You can file a request to validate the judgment. A request for validation requires the creditor or debt collection agency to provide details about the debt so you can review them for any inaccuracies.
You can then dispute the inaccurate or outdated information and have the erroneous judgment removed from your credit report under one of several circumstances:
If any of the above conditions are true, you can file a motion to have the judgment vacated. A successfully vacated judgment requires the debt collector to stop pursuing payment of the debt. It also requires credit bureaus to remove the judgment from your credit reports, erasing it as if it had never existed.
Numerous grounds may be valid for getting a judgment against you vacated, such as if the creditor went out of business and there’s no one left for you to pay, or if you’re permanently disabled or on Supplemental Security Income (SSI). You also may be within your rights to challenge the judgment if the creditor breached a warranty or the collection agency violated the Fair Debt Collection Practices Act.
If you believe you have a strong case, it’s better to present it in court than to wait to receive a default judgment and fight it after the fact. If you succeed before a ruling is made, it will keep any judgment from showing up on your credit report. If such early timing isn’t possible, it’s still better to challenge the creditor’s case after the judgment has been made than not at all.
If the judgment was valid, you should try to work out a payment plan with the creditor or collection agency. Repayment of the debt will free you from debt collection efforts and change your judgment to “satisfied” status, which is a step up.
In some states, once a debt is paid, the judgment can be automatically removed from your credit report. If your state does not allow automatic removal, then you can wait for the judgment to disappear from your credit file on its own.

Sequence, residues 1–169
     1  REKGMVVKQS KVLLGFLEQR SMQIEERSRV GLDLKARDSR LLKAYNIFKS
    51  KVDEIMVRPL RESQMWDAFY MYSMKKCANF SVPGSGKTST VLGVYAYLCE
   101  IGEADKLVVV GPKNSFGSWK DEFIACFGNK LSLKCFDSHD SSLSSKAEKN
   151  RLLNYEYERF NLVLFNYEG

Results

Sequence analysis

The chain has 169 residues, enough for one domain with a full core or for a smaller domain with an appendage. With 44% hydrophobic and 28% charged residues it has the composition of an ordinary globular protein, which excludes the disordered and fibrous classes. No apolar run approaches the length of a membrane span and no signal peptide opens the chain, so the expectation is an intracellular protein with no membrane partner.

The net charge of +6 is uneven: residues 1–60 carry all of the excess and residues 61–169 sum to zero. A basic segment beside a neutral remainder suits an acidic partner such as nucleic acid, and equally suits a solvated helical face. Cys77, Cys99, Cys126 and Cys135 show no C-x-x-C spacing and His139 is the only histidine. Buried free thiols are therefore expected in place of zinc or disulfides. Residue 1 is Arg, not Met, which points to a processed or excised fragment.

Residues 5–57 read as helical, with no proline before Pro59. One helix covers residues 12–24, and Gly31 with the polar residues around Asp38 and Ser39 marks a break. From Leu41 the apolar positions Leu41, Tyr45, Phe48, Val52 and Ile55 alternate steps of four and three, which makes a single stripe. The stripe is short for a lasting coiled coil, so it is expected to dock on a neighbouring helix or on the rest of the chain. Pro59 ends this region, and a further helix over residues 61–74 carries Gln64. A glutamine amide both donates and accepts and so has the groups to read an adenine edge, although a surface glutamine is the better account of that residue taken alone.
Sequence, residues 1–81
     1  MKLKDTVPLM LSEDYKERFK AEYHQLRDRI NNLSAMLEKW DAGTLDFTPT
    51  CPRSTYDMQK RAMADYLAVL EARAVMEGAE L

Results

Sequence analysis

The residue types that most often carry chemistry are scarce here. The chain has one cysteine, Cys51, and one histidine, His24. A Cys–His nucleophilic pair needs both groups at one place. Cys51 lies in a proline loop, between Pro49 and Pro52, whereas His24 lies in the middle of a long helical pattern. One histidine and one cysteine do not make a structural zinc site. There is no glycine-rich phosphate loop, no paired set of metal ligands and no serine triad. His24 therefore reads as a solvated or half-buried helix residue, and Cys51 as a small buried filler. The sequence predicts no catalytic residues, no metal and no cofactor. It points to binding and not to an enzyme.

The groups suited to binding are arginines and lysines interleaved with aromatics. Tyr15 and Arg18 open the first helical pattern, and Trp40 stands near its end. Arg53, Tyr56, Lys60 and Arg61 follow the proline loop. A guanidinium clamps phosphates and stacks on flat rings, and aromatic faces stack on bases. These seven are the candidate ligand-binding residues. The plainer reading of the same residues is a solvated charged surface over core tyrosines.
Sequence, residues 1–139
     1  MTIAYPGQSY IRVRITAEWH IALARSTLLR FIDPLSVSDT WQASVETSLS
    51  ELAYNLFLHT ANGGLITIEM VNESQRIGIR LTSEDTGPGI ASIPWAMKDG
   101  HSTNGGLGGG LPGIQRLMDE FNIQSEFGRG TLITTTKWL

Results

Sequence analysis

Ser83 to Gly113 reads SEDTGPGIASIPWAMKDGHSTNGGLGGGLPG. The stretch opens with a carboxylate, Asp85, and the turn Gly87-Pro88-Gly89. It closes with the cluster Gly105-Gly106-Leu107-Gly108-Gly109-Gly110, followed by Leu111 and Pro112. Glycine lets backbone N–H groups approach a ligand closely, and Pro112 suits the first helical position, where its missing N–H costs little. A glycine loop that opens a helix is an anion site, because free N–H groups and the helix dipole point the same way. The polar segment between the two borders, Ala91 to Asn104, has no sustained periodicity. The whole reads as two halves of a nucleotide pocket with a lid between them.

If you’d rather not wait, then you can negotiate to have the paid judgment dismissed, which looks better on your credit report than a judgment that’s simply paid.
Of course, it’s better to address debt and the problems it causes before it becomes a court case. Start by accessing your credit report. Normally, you’re entitled to one free copy of your credit report every year under the Fair Credit Reporting Act.
But in response to COVID-19, the credit bureaus have decided to provide Americans with weekly access to free credit reports. That means you can access your credit reports for free once a week at annualcreditreport.com until April 20, 2022.
Your credit reports will give you access to view your financial history, credit card balances, loan information, and mortgages. Look them over closely to be sure they contain accurate information. Search for any negative items that might seem suspicious; they may signal that you’re a victim of identity theft.
If you need to dispute an item because you’ve been a victim of identity theft, it’s a good idea to follow the steps outlined by the Federal Trade Commission:
Many lenders and credit bureaus will want to see the FTC Identity Theft Report (and some also require a police report) when you dispute an item with them.
Whether you find identity theft or not, it’s important to dispute any items you don’t think you owe with credit reporting agencies, so you can be sure your credit history is accurate and you have the best credit possible. Then you can begin the steps toward credit repair. Your personal finance and FICO® score shouldn’t have to suffer from bad credit because of an error.
In the past, civil judgments pertaining to unpaid debt were reported to the credit bureaus. These can damage your credit report just like a lien, charge-off, bankruptcy, or other debt. However, a 2017 reform in credit reporting practices has changed how judgments appear on credit reports.
The National Consumer Assistance Plan (NCAP) was implemented in 2017 to improve the accuracy of credit reporting by the three major credit bureaus: Equifax, Experian and TransUnion. The new rules required public records data to contain a consumer’s name, address, Social Security number and/or date of birth.
One effect of the NCAP was that reporting civil judgments on credit reports became more difficult. As a result, most judgments are no longer included on consumer credit reports.
Although a judgment may not excessively harm your score, it’s still possible for older judgments to affect your credit score negatively. Using the strategies delineated in this article could help you get a judgment removed and help you begin rebuilding your credit.
Lauren Bringle is an Accredited Financial Counselor® with Self Financial – a financial technology company with a mission to increase economic inclusion by helping people build credit and savings so they can build their dreams.
Our goal at Self is to provide readers with current and unbiased information on credit, financial health, and related topics. This content is based on research and other related articles from trusted sources. All content at Self is written by experienced contributors in the finance industry and reviewed by an accredited person(s).